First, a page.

Mathematics Stack Exchange is a question and answer site for people studying math at any level and professionals in related fields. Join them; it only takes a minute:

Sign up
Here's how it works:
  1. Anybody can ask a question
  2. Anybody can answer
  3. The best answers are voted up and rise to the top

enter image description here

It's given distance between

  • $AB = 27$
  • $BC = 752$
  • $CD = 26.75$
  • $AD = 758$
  • $CE = 1$
  • $0 < FC < 752$

How do I find $FG = x$ for point $F$ on line $BC$? Is it even possible?


As André mentioned in comments, just by defining lengths doesn't make the structure "rigid" to calculate x.

What if we define $90 < \angle C < 120$, does this makes approximate result possible?

share|cite|improve this question
None of your givens say where F is located. Or do the marks mean that BF=FC (it doesn't look even close to equal in the diagram)? – coffeemath Nov 27 '12 at 22:13
Also in the diagram, CD appears longer than AB. The way the diagram is actually labelled it looks like it should be ED which is of length 26.75, rather than the whole side CD as you write in your listed assummptions. – coffeemath Nov 27 '12 at 22:17
F is some point between B and C. I want to find distances from BC to AE. 0 < FG < 752. AB is a bit longer than CD, so CD should appear longer than AB, drawing mistake. There are no other special marks on BC, ignore those. I'll try to redraw cleanly if it helps. – marltu Nov 27 '12 at 22:23
Maybe you should define say a variable $y=BF$ where $0<y<752$, and say in your question that you seek a formula for $x$ in terms of $y$. At least that would have been clearer to me... – coffeemath Nov 27 '12 at 22:27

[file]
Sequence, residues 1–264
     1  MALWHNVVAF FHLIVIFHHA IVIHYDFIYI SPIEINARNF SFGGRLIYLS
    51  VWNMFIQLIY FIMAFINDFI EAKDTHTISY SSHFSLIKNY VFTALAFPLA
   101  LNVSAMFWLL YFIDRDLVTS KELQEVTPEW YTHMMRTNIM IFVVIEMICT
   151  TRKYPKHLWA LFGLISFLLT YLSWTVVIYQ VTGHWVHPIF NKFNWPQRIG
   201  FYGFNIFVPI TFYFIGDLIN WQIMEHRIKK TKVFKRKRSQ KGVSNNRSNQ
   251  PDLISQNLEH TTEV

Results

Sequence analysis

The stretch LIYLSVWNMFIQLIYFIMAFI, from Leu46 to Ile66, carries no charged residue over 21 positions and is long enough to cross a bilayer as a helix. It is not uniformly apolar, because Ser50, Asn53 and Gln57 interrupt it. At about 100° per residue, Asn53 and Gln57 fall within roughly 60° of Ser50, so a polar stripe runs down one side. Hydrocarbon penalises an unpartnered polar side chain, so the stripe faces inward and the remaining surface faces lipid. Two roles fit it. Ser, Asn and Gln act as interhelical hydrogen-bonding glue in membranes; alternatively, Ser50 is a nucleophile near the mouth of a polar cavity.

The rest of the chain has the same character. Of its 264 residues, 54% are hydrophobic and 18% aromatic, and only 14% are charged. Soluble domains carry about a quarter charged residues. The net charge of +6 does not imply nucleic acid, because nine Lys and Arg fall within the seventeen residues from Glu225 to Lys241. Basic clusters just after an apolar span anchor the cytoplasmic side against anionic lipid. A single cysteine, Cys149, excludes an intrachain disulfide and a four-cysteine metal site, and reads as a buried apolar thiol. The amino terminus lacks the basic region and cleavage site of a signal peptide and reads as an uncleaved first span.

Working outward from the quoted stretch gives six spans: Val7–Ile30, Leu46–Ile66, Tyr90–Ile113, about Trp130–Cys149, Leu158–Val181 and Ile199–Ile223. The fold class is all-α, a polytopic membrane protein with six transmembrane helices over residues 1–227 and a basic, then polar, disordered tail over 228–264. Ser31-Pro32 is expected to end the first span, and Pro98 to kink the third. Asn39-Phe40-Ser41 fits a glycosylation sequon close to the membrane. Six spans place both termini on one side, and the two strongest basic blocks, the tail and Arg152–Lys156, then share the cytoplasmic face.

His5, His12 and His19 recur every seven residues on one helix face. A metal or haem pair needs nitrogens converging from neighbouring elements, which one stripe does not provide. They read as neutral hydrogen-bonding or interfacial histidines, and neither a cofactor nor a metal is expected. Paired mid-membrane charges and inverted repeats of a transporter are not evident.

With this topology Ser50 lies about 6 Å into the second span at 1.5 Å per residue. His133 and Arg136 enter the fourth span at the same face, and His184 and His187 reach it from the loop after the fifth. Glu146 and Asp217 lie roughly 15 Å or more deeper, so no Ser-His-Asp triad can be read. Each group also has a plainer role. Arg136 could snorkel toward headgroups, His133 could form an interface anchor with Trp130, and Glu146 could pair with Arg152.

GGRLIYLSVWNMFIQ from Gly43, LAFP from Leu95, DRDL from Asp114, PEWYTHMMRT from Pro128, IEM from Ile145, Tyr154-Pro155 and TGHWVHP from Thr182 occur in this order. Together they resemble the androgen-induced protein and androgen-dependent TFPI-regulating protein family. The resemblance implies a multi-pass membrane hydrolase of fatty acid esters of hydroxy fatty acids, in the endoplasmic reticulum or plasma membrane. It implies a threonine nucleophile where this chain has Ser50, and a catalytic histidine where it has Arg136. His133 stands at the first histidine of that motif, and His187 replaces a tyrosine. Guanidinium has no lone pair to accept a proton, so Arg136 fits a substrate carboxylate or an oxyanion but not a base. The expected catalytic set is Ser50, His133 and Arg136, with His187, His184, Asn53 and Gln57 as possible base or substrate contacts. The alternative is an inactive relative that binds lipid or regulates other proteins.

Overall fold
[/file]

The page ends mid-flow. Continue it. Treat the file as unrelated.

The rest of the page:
It is a good picture, not to scale but who cares? The issue I see is that the quadrilateral is not rigid. If you make the sides of the given lengths, out of thin rigid steel rods, but put some hinges at the corners, the structure will have some wiggle. Looks to me as if even if we know $FC$, the distance labelled $x$ is not fully determined. – André Nicolas Nov 27 '12 at 22:28

Here is my thought on the question; If one has a straight line of length $758$, points $A(0,0)$ and $D(758,0)$ apart. If one constructs a circle of radius $27$ centered at point $A$ and a circle of radius $26.75$ centered at point $D$. Are there two unique points $B(a_1,b_1)$ and $C(a_2,b_2)$, $B$ on the first circle and $C$ on the second circle such that $BC=752$. We have the following in order, $B$ on the first circle, $C$ on the second circle, the length of $BC$, $$(a_1-0)^2+(b_1-0)^2=27^2 \\ (a_2-758)^2+(b_2-0)^2=26.75^2 \\ (a_1-a_2)^2+(b_1-b_2)^2=752^2 $$

Three equations are clearly insufficient for four unknowns, I don't know how WolframAlpha got real solutions.

Even if one does find unique solution to the above system, unless $G=A=E$, line $FG$ is not unique.

share|cite|improve this answer

Your Answer


By posting your answer, you agree to the privacy policy and terms of service.

Not the answer you're looking for? Browse other questions tagged or ask your own question.